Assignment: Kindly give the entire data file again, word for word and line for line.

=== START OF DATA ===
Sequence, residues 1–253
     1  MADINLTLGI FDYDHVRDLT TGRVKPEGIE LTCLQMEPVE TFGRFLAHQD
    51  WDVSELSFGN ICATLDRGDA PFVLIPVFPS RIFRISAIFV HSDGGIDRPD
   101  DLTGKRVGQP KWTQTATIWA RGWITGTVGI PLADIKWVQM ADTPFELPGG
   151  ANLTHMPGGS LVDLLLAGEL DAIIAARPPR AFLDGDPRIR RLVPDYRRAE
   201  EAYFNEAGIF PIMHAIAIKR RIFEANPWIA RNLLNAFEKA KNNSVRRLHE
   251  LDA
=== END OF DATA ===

Sequence, residues 1–253
     1  MADINLTLGI FDYDHVRDLT TGRVKPEGIE LTCLQMEPVE TFGRFLAHQD
    51  WDVSELSFGN ICATLDRGDA PFVLIPVFPS RIFRISAIFV HSDGGIDRPD
   101  DLTGKRVGQP KWTQTATIWA RGWITGTVGI PLADIKWVQM ADTPFELPGG
   151  ANLTHMPGGS LVDLLLAGEL DAIIAARPPR AFLDGDPRIR RLVPDYRRAE
   201  EAYFNEAGIF PIMHAIAIKR RIFEANPWIA RNLLNAFEKA KNNSVRRLHE
   251  LDA